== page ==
So it’s springtime in central Arizona, which means that the temperature dances around the 90-degree mark but it still gets nice and cool at night. This will change soon when it will get about 120 degrees or so by around 3pm, and the temps barely dip below triple digits at night. I know that some of you out there who don’t know me that well will think to yourself, “But isn’t that a dry heat?” Those of you who don’t know me that well that think that will soon be thinking something different as I forcibly shove you into a toaster oven and turn it on high simply because you will be experiencing a dry heat as well. The fact that it’s a relatively dry heat doesn’t exactly make up for the fact that I keep an oven mitt and a towel in the car in the summer. The oven mitt is for the gear shift and the towel is for the steering wheel. Sometimes I get a burn mark on my hip in the shape of my seat belt buckle as it burns through my clothes. Dry heat, sure.
At any rate, I didn’t really want to spend this post expounding on dry heat torture. I actually wanted to share with all y’all some pictures of our front yard at this time:
Here is our prickly pear, resplendent with come lovely blooms. And some Africanized bees. Unfortunately, most of the bees around here are of the Africanized variety, unless you are a beekeeper. I had to deep breathe around these guys. I’m terrified of bees. Am I allergic to stings? Unfortunately, I’m not sure — I’ve never been stung because I avoid them.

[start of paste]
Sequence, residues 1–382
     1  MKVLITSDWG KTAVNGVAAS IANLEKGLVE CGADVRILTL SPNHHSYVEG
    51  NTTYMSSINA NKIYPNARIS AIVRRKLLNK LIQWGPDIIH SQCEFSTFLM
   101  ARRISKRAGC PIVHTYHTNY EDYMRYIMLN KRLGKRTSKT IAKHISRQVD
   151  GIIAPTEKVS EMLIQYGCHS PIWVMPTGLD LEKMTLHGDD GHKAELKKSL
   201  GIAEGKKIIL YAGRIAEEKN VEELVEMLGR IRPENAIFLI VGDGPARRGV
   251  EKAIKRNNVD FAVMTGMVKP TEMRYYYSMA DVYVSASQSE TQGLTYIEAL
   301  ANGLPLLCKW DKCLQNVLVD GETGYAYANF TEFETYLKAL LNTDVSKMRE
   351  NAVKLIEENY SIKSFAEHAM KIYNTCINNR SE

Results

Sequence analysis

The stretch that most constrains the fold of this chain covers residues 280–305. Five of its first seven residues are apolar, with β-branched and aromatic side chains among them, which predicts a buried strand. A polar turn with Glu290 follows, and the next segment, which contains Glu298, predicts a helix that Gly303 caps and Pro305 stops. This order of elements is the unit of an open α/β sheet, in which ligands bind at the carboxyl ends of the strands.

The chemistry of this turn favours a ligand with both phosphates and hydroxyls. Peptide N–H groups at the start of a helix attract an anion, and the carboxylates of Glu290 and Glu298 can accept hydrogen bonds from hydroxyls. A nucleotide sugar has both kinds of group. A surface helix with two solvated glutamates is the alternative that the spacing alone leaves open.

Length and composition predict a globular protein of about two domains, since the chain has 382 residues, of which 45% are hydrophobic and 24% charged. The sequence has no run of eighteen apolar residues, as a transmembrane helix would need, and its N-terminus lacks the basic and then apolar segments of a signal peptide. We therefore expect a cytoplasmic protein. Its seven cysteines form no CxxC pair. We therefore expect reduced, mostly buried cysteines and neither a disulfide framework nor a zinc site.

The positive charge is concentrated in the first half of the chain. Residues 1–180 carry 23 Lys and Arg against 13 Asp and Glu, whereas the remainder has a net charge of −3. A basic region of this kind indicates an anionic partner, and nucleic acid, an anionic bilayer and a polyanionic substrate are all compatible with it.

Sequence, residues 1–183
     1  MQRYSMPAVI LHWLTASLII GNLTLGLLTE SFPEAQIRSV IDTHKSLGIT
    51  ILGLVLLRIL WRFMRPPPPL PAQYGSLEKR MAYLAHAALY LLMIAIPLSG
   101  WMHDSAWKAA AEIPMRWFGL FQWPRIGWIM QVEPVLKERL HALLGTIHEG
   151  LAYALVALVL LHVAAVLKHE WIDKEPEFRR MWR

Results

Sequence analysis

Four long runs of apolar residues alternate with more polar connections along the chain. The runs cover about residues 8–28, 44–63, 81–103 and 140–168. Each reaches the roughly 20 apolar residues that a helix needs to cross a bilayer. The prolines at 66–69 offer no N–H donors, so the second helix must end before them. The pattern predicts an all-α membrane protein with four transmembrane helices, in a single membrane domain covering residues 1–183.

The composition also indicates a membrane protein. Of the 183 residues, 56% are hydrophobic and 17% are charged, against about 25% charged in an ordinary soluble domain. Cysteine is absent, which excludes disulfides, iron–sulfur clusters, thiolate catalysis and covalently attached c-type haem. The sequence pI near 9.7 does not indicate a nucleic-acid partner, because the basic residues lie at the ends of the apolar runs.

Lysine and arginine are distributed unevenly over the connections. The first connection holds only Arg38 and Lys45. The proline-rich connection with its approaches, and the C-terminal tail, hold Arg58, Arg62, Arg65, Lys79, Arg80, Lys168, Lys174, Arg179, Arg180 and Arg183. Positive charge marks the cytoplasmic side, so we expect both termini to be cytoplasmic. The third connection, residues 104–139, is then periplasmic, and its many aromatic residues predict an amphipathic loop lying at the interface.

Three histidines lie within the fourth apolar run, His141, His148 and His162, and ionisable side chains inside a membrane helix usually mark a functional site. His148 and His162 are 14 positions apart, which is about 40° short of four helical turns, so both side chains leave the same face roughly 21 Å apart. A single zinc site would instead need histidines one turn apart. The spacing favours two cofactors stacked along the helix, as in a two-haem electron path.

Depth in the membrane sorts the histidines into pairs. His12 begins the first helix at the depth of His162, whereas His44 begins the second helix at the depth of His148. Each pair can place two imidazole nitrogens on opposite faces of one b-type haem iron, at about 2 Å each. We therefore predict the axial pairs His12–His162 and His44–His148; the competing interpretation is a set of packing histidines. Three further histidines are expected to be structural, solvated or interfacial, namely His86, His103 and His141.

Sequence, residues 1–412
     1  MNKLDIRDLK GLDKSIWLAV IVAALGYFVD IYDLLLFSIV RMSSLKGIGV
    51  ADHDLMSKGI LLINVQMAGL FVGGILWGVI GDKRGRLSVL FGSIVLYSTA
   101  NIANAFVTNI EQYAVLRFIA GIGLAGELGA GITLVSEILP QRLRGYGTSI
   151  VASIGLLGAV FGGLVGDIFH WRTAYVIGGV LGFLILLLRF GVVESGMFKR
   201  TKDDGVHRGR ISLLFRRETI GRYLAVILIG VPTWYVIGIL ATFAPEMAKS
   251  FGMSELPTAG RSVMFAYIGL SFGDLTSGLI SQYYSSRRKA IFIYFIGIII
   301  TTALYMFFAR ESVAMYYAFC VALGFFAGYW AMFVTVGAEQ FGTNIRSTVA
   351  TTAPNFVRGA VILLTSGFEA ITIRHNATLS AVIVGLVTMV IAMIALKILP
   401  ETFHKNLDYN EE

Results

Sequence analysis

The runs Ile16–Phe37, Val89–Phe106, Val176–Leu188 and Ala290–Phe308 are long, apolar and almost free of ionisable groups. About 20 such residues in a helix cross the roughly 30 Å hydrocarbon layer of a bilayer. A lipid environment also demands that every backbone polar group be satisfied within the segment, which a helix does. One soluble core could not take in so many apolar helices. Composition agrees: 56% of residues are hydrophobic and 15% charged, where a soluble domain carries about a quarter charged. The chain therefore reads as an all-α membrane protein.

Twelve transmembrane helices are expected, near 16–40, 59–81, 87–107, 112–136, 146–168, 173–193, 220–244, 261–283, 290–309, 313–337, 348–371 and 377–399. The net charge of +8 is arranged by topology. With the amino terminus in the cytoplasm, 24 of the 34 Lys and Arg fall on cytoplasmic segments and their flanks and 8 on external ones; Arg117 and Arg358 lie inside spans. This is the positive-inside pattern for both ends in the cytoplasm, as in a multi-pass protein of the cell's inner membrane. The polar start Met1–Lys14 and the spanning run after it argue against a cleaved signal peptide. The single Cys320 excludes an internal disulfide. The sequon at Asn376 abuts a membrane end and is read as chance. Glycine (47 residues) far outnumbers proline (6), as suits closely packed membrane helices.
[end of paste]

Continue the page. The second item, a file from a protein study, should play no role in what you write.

This is our octopus agave’s stalk. This agave is about 3 generations from the original from the MIL’s garden, and this one is about to give up the ghost. See all those little flowers? Those are potential baby agaves. All 10 kazillion of them. Aww. This stalk is already about 20 feet tall and you can almost watch it grow. The Hubster had to prune the palo verde that it’s growing through so as not to impede the growth of the stalk.
Just past the agave is one of the aloes that is from the google of pups dropped by a single scrawny aloe that I got from a ribbon cutting when I was working with the Chamber of Commerce. That damn plant bred like a hermaphroditic bunny, and we were nearly overrun with the things. The hummingbirds like the blooms, though, and yes, there’s a little hummingbird in the red oval. We have a couple of nesting pairs in our yard, the bold little buggers. I should put out some more yarn for them.
And lastly, our Tombstone Rose bush. I love how this thing explodes every year with very little prodding from us. And when I say “us”, I mean “the Hubster”, because I don’t do a damn thing in the yard. But we both get the enjoy the little roses and then the snowdrift of all the little petals. See? The desert can be pretty. Even in a dry heat.